In science-fiction movies, wormholes--bridges between two regions of spacetime--are handy devices for traveling halfway across the universe in the blink of an eye. Many scientists think that wormholes are physically plausible, but most doubt that spaceships would be able to cross the bridge. Now, a team of physicists concludes that it might be surprisingly easy to make a wormhole traversable.
As outlandish as it might seem to move ships and people faster than the speed of light, Einstein's rules permit it. Even so, theorists suspected that spacetime bridges would have to exact a heavy toll. That's because relativity also shows that any wormhole can be turned into a time machine. By passing through one, a person might go back in time and kill his own ancestors before he was born, causing a paradox. So physicists were not surprised to discover that wormholes, like black holes, have "event horizons"--regions beyond which not even light can escape. The event horizon, sitting squarely in the throat of the wormhole, would prevent a traveler from leaving the wormhole.
But in 1988, physicist Kip Thorne of the California Institute of Technology in Pasadena and his students discovered a way to get rid of the event horizon. All that was needed was "exotic matter" with negative energy--that is, less energy than an equivalent volume of empty space. By placing a chunk of exotic matter in the throat of the wormhole, a spacetime traveler could banish the event horizon and make the wormhole passable. Exotic matter really exists, in a sense; indeed, the rules of quantum mechanics require that it is forever being created and annihilated on tiny scales. Unfortunately for sci-fi buffs, those quantum doses seemed inadequate to get rid of that pesky event horizon.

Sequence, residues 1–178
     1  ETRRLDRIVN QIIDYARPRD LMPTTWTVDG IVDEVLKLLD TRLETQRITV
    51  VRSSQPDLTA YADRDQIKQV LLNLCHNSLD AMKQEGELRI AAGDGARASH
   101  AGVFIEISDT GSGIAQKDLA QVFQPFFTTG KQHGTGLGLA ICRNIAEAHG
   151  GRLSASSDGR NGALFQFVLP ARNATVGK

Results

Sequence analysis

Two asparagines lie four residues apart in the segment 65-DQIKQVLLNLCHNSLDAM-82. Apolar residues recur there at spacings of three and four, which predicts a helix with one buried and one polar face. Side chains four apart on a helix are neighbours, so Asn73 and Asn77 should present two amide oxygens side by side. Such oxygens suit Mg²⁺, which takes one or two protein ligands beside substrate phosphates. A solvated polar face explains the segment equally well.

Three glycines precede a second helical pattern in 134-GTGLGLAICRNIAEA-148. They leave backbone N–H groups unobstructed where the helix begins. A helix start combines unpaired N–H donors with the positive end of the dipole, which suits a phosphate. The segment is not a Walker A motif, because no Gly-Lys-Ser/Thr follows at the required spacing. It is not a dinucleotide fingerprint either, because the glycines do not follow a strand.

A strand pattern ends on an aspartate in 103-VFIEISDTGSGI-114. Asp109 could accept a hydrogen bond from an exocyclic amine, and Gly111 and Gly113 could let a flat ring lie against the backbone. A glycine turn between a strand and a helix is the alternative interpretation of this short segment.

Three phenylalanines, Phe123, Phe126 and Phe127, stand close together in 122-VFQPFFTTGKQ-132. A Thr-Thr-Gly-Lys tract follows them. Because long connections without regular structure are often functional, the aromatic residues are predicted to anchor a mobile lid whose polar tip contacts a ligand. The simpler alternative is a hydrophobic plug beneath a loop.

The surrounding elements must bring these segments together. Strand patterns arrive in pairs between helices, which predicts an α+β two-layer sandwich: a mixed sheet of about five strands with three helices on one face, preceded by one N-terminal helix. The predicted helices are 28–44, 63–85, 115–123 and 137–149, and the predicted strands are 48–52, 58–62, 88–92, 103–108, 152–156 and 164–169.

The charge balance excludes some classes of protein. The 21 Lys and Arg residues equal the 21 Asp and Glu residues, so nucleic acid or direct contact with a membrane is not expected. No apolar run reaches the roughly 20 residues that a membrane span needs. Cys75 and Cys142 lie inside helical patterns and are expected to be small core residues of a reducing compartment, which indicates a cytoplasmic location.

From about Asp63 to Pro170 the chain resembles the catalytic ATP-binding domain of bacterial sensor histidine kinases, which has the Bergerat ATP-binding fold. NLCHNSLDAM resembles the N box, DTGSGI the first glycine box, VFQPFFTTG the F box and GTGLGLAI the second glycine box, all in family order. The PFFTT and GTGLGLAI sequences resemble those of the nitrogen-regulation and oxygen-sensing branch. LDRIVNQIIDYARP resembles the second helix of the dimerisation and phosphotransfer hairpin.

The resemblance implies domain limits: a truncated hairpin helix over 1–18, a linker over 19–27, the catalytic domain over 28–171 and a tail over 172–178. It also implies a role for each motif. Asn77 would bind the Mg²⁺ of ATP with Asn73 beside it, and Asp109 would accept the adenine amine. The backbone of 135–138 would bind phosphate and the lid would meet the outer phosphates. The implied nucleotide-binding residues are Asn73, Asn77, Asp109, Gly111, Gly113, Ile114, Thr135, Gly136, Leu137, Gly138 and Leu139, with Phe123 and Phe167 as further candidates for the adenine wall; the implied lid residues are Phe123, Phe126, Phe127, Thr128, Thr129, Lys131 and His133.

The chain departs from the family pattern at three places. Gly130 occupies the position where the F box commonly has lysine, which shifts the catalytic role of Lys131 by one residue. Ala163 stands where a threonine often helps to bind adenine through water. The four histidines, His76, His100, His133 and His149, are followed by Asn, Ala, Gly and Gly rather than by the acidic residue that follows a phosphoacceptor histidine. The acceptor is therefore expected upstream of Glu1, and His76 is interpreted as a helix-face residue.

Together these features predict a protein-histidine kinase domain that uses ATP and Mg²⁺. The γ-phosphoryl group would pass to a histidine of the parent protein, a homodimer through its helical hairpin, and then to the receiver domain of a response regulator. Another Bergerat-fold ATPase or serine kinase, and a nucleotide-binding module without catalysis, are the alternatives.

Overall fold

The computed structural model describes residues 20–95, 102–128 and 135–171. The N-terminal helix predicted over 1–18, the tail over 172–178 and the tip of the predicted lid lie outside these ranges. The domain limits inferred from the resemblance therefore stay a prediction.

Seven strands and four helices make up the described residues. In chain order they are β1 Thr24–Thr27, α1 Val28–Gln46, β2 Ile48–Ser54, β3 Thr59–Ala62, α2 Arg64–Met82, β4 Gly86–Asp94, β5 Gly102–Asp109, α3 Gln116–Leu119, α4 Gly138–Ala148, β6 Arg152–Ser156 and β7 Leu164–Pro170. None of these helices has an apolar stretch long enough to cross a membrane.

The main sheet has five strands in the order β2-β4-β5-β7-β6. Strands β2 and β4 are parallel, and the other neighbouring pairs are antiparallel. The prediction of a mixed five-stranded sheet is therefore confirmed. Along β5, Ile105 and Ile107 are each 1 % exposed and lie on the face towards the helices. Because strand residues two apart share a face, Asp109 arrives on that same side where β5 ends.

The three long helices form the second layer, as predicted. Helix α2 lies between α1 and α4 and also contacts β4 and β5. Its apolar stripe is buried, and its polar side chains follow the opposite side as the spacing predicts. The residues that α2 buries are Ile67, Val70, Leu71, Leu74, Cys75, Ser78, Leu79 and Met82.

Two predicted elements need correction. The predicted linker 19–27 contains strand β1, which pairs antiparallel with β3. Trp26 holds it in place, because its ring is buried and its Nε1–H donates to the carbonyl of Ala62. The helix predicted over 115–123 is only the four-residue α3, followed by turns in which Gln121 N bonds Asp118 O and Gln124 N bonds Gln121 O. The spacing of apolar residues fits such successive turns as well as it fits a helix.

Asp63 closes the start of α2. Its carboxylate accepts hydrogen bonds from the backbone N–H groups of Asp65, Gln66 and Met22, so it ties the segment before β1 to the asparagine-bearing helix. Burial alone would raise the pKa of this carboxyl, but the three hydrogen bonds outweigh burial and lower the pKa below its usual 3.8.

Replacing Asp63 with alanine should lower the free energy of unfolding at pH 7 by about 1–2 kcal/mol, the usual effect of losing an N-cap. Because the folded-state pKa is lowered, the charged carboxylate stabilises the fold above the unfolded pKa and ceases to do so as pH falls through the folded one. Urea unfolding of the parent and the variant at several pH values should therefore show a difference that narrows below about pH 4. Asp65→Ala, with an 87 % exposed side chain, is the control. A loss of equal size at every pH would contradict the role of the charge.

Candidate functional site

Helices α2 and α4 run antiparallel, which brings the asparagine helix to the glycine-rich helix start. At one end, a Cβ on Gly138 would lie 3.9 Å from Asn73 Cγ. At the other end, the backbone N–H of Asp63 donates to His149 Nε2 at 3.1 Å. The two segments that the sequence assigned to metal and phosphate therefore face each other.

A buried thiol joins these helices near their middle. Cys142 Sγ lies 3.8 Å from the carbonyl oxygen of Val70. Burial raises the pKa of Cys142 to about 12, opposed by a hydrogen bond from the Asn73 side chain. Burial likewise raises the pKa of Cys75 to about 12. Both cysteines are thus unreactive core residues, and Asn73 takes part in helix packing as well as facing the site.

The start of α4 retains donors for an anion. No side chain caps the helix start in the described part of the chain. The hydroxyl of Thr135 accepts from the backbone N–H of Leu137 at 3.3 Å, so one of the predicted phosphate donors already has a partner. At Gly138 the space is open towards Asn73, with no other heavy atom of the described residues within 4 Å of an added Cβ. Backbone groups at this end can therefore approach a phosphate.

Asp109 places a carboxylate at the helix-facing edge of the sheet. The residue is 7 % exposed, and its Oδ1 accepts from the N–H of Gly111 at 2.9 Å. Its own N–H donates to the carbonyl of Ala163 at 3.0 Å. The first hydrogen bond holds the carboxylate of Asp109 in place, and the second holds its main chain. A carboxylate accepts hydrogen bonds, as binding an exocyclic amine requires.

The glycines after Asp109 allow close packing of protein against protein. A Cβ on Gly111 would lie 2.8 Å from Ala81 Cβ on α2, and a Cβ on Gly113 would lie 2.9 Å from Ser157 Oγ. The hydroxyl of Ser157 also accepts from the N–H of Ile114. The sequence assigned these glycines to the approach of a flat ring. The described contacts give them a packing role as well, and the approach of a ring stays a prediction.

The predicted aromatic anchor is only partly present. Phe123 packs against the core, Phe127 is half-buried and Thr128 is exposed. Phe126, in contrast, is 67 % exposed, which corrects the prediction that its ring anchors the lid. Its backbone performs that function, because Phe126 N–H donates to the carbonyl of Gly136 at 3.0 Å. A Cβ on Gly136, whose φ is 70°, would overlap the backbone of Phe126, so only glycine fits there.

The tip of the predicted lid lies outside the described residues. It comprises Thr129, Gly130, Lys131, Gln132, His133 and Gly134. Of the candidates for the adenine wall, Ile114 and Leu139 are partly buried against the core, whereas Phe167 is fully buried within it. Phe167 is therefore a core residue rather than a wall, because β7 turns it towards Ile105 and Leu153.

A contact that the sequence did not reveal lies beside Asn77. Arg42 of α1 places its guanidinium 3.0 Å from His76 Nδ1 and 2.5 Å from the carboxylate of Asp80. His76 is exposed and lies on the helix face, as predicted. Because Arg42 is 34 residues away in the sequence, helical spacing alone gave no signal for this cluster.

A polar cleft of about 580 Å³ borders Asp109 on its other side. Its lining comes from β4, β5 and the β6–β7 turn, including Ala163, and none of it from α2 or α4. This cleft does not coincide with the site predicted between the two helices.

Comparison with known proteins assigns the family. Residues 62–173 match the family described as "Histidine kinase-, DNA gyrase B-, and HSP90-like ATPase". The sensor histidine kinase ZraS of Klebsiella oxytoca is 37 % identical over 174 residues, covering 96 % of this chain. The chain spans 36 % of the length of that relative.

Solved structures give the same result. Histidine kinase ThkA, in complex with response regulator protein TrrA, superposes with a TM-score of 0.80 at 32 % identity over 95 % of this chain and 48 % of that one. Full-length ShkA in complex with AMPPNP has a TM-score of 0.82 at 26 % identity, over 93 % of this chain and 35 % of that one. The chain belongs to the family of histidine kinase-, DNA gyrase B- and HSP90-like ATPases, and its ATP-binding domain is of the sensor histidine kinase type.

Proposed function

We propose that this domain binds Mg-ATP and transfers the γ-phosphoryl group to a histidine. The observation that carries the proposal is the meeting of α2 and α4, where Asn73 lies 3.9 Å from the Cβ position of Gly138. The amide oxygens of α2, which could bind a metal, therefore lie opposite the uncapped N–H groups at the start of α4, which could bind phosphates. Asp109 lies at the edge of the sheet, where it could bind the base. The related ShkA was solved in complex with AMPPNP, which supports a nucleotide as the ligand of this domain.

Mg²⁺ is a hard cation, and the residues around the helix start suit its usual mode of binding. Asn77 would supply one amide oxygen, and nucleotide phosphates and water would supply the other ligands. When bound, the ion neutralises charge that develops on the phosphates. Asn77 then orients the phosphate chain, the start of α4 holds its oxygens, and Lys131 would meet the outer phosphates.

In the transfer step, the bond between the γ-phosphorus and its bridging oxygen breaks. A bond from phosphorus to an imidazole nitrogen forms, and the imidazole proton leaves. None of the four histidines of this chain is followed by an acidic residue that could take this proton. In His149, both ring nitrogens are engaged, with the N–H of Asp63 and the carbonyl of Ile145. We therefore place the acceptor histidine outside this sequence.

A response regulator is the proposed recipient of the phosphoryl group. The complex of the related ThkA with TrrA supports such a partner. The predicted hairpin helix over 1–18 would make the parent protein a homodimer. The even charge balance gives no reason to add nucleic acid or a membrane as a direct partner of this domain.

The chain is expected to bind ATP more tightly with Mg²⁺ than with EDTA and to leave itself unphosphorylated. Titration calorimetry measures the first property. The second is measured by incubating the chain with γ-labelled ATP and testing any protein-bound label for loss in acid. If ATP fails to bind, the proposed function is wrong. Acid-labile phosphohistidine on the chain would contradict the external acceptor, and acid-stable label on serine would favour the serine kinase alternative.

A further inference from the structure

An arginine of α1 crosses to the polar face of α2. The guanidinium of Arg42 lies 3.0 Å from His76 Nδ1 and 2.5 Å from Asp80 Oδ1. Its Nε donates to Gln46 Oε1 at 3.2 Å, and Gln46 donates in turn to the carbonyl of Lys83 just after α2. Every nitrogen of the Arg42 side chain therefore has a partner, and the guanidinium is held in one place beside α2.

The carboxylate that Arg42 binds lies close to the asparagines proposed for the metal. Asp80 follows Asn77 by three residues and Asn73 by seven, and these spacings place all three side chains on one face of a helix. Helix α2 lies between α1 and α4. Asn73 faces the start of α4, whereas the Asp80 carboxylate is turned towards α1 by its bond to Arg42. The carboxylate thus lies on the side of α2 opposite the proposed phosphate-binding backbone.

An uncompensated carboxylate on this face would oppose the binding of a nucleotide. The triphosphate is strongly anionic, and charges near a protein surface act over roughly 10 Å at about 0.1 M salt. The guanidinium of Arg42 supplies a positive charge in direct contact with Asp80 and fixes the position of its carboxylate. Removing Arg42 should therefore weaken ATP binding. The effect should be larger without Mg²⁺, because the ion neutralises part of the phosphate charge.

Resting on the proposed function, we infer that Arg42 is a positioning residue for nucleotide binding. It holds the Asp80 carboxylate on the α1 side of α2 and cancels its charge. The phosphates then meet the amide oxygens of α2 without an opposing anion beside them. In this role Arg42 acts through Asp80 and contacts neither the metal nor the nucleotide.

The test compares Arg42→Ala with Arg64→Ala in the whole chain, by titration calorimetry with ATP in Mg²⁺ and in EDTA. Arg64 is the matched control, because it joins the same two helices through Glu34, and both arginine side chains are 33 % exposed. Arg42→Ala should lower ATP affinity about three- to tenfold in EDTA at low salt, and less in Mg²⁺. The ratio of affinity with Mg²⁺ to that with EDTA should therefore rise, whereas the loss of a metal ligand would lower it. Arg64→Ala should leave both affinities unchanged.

New calculations might get hopes up again. In the 23 May issue of Physical Review Letters, Visser and his colleagues investigated a specific type of wormhole and chugged through extensive calculations to figure out how much exotic matter was needed to wipe out the event horizon. Contrary to conventional wormhole wisdom, they claim that an arbitrarily small smidgen of the stuff--as tiny as the amount that is constantly created and destroyed on quantum scales--would make a black hole traversable.
Other wormhole researchers are cautious about interpreting Visser's calculations. "I'd be a little careful in saying you need only a small quantity of exotic matter" to destroy the event horizon, says Ulvi Yurtsever, a physicist at the Jet Propulsion Laboratory in Pasadena. Instead, he says, the equations might indicate that a wormhole still requires a large amount of exotic matter, but that large chunk could be offset by a slightly smaller chunk of ordinary matter.